Detecting Stack Corruption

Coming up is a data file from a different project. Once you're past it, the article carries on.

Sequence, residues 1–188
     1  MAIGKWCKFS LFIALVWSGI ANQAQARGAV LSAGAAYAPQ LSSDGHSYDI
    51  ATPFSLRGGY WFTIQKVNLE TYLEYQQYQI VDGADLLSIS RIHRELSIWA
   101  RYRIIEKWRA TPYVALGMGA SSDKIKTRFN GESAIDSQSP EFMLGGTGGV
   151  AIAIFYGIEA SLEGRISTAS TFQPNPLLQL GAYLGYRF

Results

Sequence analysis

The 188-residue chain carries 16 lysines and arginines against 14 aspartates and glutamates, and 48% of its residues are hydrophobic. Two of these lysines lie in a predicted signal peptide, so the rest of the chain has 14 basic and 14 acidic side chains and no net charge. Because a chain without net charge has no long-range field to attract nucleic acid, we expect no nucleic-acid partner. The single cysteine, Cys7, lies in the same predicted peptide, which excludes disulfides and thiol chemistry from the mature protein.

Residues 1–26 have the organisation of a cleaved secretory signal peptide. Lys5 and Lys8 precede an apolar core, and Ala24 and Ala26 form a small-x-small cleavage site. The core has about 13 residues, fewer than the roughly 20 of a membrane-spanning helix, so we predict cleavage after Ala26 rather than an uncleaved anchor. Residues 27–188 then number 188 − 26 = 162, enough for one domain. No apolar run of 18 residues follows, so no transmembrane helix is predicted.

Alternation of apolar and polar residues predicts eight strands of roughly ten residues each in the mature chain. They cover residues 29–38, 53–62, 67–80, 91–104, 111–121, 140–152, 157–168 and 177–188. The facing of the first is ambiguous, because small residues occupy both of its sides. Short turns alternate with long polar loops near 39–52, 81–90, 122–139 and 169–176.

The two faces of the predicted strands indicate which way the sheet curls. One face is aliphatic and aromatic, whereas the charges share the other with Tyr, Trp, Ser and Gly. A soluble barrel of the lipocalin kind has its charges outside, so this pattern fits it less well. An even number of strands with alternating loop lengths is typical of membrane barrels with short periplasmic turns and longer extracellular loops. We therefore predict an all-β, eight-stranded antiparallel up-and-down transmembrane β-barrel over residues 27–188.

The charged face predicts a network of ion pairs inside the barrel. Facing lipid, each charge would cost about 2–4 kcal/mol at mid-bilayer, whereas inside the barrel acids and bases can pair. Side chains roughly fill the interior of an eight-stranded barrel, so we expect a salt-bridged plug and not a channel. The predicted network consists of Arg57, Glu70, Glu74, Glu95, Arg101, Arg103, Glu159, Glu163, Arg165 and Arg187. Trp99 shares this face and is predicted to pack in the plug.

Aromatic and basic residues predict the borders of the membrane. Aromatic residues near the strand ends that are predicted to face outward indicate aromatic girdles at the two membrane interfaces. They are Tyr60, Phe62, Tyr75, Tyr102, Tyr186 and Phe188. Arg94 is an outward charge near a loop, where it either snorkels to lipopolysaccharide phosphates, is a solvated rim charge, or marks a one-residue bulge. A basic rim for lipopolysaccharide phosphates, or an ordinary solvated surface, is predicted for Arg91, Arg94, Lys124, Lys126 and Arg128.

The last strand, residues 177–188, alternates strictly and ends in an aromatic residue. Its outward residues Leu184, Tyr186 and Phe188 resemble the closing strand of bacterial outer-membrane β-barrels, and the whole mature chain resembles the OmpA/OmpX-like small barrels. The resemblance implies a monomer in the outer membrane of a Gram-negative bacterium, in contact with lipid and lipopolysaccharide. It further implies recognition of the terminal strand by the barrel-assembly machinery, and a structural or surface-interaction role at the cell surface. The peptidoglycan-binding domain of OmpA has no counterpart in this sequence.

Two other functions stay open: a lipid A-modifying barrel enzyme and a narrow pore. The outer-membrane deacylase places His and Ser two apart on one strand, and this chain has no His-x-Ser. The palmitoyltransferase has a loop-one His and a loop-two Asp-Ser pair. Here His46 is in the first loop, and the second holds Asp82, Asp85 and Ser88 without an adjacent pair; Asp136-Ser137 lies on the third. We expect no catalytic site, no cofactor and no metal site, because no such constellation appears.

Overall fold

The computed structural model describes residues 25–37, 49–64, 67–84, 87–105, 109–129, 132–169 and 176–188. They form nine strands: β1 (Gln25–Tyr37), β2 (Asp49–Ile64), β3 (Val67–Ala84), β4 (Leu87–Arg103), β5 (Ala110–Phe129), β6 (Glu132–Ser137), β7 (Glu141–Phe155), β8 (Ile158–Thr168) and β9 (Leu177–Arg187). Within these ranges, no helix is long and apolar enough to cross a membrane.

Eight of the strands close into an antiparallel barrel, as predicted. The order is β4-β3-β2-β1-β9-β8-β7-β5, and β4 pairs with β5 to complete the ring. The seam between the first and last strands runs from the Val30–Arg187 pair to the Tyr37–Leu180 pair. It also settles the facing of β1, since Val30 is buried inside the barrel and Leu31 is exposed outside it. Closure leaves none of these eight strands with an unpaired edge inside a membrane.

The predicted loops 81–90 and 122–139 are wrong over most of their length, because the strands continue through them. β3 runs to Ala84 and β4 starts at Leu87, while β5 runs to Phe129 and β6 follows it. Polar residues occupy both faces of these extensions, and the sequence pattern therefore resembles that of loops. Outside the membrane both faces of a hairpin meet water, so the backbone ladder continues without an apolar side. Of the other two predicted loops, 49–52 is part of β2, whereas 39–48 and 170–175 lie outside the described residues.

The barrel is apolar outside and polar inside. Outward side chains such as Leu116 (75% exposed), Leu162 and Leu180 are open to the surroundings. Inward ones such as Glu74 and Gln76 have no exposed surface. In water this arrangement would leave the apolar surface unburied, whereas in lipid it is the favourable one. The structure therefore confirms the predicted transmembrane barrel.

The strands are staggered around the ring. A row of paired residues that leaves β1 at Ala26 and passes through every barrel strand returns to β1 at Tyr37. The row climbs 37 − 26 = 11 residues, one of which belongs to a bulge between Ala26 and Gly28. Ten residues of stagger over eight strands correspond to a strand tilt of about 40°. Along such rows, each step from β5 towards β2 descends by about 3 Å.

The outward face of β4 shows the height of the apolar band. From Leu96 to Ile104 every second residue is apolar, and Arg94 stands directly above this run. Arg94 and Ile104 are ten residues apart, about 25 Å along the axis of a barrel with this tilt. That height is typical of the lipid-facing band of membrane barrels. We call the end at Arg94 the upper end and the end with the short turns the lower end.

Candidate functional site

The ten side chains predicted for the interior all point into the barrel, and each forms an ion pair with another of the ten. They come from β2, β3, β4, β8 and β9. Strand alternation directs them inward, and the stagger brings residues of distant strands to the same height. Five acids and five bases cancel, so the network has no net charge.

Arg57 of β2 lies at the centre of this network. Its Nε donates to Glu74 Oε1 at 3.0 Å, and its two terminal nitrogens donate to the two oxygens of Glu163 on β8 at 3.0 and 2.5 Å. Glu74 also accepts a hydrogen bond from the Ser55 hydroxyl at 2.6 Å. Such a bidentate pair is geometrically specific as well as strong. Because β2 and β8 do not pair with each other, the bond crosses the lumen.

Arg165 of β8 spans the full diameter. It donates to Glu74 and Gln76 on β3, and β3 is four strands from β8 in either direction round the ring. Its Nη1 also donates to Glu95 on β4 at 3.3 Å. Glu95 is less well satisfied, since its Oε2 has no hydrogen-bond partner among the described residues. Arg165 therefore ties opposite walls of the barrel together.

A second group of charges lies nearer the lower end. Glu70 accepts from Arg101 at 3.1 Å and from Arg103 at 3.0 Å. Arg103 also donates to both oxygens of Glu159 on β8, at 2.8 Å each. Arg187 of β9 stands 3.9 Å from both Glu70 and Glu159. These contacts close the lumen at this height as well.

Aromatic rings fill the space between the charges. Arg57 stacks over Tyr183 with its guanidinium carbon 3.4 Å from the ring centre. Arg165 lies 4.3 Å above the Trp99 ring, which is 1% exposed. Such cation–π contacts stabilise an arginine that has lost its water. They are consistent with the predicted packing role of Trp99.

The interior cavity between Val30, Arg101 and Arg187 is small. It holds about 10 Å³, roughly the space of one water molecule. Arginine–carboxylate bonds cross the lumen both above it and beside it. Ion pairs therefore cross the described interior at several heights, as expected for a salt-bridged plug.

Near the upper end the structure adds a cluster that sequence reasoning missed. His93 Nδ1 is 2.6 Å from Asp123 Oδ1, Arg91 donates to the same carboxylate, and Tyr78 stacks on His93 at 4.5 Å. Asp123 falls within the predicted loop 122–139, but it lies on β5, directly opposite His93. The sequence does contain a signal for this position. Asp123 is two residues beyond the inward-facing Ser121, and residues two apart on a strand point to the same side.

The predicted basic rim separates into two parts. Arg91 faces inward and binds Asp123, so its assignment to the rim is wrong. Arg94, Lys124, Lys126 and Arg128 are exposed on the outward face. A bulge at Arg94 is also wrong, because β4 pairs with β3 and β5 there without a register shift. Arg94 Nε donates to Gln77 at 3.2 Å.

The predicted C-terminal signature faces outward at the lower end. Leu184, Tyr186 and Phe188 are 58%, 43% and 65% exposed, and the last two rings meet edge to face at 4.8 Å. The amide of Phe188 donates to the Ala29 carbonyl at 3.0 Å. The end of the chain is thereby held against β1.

Pedram Amini and I demonstrated a pydbg script we wrote that detects stack return address corruption and breaks into the debugger console. By doing this we can trace and debug stack overflows that destroy all stack unwinding. Stack unwinding is crucial when finding the path a vulnerable function takes on its way to complete stack distruction. Under normal circumstances when a overflow happens (especially when unbound overflows destroy SEH) one can not tell exactly when the overflow occurred. Our approach was fairly simple in that we store each return address when calling a function and popping the address when we return. Keeping our own call stack in this way lets us maintain integrity when shit goes wrong. Anyways when we record a calls return we then check that address against the current esp during the ret instruction. If things are different we bust an error and drop the user into the pydbg console. This allows a researcher to further query memory and gather all needed information. The benefits are huge and the demo we showed exemplified how much easier it is to track down traditional stack overflows when you can unwind the call stack. Also we went a step further and mentioned the idea that if you specify a unique string during the overflow the script can backtrace the stack to the beginning of your payload and thus automatically print out a working exploit with the proper offset to return eip overwrite…Anyways questions can go to pedram or cody on (a wonderful site). peace!

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